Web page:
BY: Rod Johnston | IN: Class Action & Commercial Litigation
If you were an active duty military servicemember and defaulted on a car loan, your lender was required to obtain a court order before repossessing your vehicle. If your lender failed to obtain a court order, you are owed money and credit repair assistance.
The Servicemembers Civil Relief Act (formerly called the Soldiers’ and Sailors’ Civil Relief Act) protects civilians and military reservists who purchase a vehicle and are later ordered into active military duty. The Act requires lenders to obtain a court order (that is, permission from a judge) before repossessing an active servicemember’s vehicle, which allows the servicemember the opportunity to delay or contest a vehicle repossession. A court may also require the lender to refund prior payments before the repossession.
SCRA violations have become a serious consumer protection issue, with some of the nation’s largest banks liable for substantial damages. Lenders like CitiFinancial, Santander, and Wells Fargo are paying millions of dollars in restitution for repossessing thousands of vehicles from active servicemembers without a court order.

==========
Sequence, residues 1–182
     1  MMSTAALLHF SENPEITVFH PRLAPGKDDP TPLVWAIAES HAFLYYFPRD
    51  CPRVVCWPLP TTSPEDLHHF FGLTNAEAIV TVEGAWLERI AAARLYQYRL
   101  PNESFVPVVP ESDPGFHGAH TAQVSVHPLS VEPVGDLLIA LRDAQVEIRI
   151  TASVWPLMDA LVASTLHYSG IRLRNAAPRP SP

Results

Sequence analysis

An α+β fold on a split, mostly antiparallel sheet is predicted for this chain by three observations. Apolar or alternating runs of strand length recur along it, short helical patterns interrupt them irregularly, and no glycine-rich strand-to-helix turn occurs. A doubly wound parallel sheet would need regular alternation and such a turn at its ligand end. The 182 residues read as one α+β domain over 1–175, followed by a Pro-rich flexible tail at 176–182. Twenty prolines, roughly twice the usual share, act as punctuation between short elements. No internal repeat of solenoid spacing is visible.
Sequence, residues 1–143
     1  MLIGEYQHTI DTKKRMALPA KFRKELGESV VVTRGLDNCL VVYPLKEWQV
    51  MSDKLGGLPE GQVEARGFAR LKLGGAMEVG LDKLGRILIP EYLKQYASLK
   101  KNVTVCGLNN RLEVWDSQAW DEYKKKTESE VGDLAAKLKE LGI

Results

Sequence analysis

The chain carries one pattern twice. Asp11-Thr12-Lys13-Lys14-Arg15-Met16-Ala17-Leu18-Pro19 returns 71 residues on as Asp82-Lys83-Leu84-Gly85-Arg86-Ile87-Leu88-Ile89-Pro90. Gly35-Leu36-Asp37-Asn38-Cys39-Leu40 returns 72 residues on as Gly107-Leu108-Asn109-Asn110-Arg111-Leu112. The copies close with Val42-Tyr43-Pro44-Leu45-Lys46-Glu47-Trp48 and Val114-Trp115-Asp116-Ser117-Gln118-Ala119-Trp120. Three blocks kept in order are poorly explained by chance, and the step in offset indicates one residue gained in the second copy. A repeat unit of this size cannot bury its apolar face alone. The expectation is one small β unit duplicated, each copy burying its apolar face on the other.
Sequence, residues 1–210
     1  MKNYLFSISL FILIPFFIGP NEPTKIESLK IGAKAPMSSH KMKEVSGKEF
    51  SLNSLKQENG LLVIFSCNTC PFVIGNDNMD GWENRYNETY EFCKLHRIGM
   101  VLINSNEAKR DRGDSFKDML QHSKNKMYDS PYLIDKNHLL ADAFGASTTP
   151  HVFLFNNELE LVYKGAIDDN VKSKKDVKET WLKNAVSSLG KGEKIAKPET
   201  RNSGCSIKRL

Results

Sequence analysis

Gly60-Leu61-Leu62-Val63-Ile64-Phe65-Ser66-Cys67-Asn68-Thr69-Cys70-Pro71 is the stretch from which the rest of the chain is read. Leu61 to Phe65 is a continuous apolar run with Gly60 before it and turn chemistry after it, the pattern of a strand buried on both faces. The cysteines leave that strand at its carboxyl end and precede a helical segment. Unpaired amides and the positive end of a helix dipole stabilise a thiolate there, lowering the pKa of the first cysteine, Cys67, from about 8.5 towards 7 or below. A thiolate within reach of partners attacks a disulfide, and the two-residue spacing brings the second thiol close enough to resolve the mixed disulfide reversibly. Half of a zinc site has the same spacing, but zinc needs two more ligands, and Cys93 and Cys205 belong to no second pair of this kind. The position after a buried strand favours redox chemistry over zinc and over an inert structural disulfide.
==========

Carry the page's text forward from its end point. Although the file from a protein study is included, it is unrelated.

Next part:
The SCRA protects active duty servicemembers (Army, Navy, Air Force, Marine Corps and Coast Guard). To qualify, the servicemember must have signed the loan agreement—and paid the deposit or at least one payment—before going on active duty.
Penalties for illegal repossessions are stiff. The U.S. Department of Justice demands credit repair assistance and payment of $10,000 to each affected servicemember, plus any lost equity in the vehicle, along with interest.
The attorneys in Sommers Schwartz’s Complex Litigation Department are pursuing creditors that violate the SCRA. If you believe a creditor violated your SCRA rights, or if you have questions concerning whether the Act applies to your situation, please contact us today.
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Rod Johnston is a member of the Complex Litigation Group, participating in the firm’s direct and class action litigation on behalf of those harmed as a result of wage and overtime violations and consumer fraud.